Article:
You may recall a few outbreaks of e.coli that were publicized in the news, with mass quantities of contaminated beef being recalled from grocery store shelves and disposed of after people became ill from eating the diseased meat. Once you watch Food, Inc., it will become obvious to you how the e.coli bacteria got there.
Meat from sickly animals, dressed to appear appetizing
That thick, juicy steak that you see on the shelves of your local supermarket only looks that way because of the high-sugar (corn) diet that the cow was fed to fatten it up. It is red because coloring has been added to make it more attractive for purchase. And yes, it’s highly likely that your dinner was dipped in a sanitizing bleach solution to prevent the spread of disease due to the deplorable conditions from whence it came.
“Vegetarian” chicken diet is actually bakery waste
The chickens, too, are crammed wall to wall in dark, warehouse-like structures where they struggle against their own kind, clawing and pecking viciously in an endless, brutal battle for space that doesn’t exist. They, like the cows, are fed corn, as well as “vegetarian” meal which is actually not vegetables or plants at all but a diet of commercial bakery waste (What does that even mean? Stale pastries from the local supermarket? Factory seconds from Nabisco?). Their diet is high in sugar and, presumably from the “bakery waste,” contains various other chemical ingredients. The high-sugar diet is used because makes the developing chickens grow larger so there will be more breast meat and more meat overall, which of course will entice more consumers to buy that particular brand of chicken.
Filth-ridden, overcrowded chicken coops
The chickens, too, are highly susceptible to disease as a result of these inhumane and deplorable conditions. Once the large, fatty, golden colored (from eating so much corn) breasts are removed from the chicken carcasses, they must be sanitized… and although the packaging does not mention this, the chicken breast meat is actually bathed in a bleach solution to remove any potential salmonella contamination. Yes, people. THIS situation is where salmonella risk actually orginates from.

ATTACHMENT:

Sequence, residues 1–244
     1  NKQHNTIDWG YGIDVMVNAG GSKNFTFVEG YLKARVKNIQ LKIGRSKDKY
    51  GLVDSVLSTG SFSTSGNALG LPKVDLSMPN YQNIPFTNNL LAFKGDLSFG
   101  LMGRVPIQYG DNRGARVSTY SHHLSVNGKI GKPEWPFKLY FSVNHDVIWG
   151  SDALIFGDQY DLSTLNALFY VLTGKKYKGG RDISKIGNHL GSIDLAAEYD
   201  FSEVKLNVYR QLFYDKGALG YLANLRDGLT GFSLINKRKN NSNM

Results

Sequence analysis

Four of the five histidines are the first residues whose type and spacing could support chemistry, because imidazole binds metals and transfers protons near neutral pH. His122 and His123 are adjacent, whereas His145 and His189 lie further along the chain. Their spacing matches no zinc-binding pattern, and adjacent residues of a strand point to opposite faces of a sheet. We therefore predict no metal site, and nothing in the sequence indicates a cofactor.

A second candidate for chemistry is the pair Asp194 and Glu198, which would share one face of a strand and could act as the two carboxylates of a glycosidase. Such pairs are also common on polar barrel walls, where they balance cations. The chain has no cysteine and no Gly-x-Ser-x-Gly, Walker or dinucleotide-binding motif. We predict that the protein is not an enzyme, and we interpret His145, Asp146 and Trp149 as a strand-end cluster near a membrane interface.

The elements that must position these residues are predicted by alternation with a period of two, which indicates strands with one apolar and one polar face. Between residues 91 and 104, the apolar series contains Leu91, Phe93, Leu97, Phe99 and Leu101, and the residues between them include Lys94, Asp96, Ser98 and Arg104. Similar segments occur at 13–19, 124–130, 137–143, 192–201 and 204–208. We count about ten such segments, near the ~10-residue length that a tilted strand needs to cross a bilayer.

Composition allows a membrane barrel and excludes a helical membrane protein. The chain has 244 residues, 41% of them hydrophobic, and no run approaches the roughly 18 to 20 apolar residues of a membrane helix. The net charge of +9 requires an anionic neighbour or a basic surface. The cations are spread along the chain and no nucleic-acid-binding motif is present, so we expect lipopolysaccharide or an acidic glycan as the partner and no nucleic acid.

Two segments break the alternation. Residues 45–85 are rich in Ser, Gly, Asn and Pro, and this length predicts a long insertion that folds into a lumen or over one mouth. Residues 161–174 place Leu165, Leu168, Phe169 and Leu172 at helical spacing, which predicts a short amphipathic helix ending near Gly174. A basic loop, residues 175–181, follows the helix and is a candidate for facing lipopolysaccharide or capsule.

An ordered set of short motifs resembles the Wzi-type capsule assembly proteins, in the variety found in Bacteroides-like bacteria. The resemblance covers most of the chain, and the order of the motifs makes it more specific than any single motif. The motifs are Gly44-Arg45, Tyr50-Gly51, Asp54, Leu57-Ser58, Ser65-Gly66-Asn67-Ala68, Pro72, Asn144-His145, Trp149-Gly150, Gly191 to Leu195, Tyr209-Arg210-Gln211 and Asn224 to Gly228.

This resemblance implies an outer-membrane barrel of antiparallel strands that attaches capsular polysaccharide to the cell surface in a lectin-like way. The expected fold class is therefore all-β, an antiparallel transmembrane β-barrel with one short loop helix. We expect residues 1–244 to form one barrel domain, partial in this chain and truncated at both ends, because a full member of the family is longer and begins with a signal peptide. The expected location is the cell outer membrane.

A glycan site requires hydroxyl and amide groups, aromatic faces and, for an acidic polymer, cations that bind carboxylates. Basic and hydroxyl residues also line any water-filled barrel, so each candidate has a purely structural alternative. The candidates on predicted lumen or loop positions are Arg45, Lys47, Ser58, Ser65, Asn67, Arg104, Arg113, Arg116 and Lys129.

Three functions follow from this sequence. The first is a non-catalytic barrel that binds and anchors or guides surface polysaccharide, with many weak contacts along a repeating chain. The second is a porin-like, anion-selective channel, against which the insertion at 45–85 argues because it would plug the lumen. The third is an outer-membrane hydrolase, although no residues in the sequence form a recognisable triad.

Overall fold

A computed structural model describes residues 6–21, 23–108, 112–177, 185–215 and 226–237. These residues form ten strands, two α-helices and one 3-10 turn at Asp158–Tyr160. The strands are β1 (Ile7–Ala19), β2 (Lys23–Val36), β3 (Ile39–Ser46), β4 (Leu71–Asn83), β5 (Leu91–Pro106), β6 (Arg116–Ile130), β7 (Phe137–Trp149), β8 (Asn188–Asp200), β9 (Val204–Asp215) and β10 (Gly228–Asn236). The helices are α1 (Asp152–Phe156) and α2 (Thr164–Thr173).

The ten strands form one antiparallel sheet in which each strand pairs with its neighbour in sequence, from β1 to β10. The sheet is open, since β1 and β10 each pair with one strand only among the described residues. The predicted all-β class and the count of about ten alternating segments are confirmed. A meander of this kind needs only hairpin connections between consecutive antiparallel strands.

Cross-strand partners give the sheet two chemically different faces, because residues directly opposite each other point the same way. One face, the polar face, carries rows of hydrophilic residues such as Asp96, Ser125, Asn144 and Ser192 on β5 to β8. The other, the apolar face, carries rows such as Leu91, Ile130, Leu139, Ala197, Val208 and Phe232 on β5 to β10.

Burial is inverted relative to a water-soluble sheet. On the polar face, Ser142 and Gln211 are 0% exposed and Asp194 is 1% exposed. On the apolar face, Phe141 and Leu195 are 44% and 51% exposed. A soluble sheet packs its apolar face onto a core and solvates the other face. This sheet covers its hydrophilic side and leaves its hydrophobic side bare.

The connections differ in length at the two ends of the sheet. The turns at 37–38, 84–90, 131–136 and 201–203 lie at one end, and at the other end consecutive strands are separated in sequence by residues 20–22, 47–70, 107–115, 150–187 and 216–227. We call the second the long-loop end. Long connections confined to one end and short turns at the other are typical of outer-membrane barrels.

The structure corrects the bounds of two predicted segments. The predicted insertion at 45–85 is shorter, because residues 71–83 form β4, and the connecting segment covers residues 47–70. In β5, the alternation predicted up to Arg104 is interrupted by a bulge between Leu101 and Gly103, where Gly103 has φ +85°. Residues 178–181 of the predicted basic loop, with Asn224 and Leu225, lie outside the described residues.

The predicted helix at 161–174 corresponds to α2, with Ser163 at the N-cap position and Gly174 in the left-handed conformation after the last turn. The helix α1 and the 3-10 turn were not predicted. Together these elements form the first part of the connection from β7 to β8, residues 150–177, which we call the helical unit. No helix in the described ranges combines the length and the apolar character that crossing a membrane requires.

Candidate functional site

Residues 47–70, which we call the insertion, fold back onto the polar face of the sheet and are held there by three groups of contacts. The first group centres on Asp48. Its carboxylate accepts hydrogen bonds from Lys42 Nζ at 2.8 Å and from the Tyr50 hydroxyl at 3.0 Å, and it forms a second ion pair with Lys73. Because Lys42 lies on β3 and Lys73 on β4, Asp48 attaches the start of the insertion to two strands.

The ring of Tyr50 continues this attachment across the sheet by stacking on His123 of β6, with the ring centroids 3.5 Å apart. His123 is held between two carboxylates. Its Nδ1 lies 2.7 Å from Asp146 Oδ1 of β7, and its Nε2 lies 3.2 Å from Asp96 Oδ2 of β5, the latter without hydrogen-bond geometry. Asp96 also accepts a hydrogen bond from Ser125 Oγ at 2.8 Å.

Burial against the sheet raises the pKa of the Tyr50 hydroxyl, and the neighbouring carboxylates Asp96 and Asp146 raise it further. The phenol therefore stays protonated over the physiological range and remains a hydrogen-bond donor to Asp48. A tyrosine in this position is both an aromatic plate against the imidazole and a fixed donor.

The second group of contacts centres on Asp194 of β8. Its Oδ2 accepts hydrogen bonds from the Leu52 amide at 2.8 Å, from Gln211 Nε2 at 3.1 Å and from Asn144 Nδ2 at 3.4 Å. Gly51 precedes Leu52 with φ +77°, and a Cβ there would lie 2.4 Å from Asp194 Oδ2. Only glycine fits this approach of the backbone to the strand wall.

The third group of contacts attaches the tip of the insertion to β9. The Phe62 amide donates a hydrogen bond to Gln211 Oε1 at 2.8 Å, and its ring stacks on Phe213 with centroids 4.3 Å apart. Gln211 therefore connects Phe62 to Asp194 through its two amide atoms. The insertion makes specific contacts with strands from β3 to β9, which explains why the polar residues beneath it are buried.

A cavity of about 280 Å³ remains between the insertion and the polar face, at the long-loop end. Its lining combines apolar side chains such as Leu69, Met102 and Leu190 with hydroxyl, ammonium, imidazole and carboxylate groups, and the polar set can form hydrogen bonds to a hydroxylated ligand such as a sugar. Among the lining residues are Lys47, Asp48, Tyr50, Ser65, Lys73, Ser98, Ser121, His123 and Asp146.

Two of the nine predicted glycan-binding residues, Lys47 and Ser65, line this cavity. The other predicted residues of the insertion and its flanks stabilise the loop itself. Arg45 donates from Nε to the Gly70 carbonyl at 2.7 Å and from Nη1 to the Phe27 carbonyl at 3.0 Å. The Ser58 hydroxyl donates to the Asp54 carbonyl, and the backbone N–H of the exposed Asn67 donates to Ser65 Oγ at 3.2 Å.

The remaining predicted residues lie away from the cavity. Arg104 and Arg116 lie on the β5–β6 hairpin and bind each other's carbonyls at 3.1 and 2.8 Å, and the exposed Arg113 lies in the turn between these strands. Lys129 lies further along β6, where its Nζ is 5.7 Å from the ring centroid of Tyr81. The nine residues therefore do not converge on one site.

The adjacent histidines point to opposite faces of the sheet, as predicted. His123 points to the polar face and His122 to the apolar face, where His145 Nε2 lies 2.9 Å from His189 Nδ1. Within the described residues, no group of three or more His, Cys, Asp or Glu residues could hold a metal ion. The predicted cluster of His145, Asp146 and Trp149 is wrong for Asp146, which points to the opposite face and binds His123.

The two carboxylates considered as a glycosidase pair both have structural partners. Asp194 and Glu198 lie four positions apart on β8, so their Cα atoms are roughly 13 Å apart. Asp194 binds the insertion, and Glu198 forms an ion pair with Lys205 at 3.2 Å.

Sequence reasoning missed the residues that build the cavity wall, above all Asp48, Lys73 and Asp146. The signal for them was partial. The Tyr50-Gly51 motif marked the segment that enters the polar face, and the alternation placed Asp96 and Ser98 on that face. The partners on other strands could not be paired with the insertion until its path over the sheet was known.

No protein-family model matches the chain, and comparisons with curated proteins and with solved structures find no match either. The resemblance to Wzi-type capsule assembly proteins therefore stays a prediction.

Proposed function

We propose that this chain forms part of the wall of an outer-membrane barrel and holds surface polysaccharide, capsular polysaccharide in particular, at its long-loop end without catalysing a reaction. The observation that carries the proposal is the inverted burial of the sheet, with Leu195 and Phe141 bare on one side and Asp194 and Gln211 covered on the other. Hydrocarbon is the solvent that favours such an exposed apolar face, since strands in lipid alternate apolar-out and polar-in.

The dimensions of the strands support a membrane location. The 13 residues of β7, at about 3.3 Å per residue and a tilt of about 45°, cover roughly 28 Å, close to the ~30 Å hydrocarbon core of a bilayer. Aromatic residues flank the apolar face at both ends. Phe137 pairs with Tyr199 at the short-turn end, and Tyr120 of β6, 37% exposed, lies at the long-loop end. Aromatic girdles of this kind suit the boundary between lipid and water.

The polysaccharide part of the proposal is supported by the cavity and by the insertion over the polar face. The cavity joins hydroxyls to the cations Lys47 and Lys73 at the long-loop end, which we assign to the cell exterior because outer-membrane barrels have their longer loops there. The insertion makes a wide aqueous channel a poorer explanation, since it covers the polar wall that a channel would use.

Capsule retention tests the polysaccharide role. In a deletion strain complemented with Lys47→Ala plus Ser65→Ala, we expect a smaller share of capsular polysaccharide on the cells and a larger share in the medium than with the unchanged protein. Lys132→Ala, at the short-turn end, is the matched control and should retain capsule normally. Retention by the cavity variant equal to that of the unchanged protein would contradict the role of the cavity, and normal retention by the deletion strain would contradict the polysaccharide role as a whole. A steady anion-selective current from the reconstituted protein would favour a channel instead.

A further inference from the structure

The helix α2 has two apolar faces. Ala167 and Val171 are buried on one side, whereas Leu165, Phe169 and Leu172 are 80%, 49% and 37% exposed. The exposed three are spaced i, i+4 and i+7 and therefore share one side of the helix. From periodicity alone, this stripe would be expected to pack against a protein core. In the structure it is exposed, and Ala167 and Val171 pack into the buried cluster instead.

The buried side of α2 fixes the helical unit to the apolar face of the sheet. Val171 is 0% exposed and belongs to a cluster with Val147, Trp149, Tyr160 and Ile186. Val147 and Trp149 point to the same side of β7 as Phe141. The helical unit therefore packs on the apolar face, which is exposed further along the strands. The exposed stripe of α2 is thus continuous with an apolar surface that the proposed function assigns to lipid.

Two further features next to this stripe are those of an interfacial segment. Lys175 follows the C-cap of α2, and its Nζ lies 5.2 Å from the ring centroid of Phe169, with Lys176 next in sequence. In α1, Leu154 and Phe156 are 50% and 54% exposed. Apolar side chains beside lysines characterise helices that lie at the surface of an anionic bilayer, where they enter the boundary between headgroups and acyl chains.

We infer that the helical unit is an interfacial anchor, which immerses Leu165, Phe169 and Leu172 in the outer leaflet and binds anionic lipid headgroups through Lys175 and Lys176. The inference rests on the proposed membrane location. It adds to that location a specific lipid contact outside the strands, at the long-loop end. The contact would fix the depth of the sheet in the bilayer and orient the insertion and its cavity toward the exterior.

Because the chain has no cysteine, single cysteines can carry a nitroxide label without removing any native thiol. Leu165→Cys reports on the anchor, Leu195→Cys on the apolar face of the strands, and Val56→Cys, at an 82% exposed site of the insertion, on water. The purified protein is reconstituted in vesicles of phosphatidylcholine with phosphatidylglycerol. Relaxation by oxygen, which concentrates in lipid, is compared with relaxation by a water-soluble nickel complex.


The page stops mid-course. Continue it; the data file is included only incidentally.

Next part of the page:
Another break in the food chain
Farm chickens are supposed to eat grass and bugs. This is where the iron, vitamin B, omega fats, and other nutrients that are supposed to be present in eggs and chicken should come from. And technically, if the chicken that you’re eating isn’t getting the proper nutrition that it needs to thrive, then neither are you. Same goes for the beef.
A workaround for labeling packages as having “antibiotics added to the meat”
Also interesting to note about the chickens: the companies who breed these sickly animals for human consumption have found a way to get around “feeding” the chickens antibiotics directly. Rather than add it to their corn meal or bakery waste or whatever they eat, the actual administration of antibiotics occurs before the chicken is even born. A needle of antibiotics is injected into each egg as it is being incubated.
The second half of Food, Inc. covers genetically modified crops such as corn and soy, meant for human consumption. It is equally disturbing as it is eye opening, and worthy of a Part II, to be written another day.
In the meantime, perhaps this account has inspired you to switch to certified organic and/or locally-raised beef, milk, eggs and chicken. This website contains some NJ-based sources to help you get started.
If you are a supplier of free-range, grass-fed animals of any kind, we’d like to list you on our website. Please contact firstname.lastname@example.org to be added to our directory of NJ companies.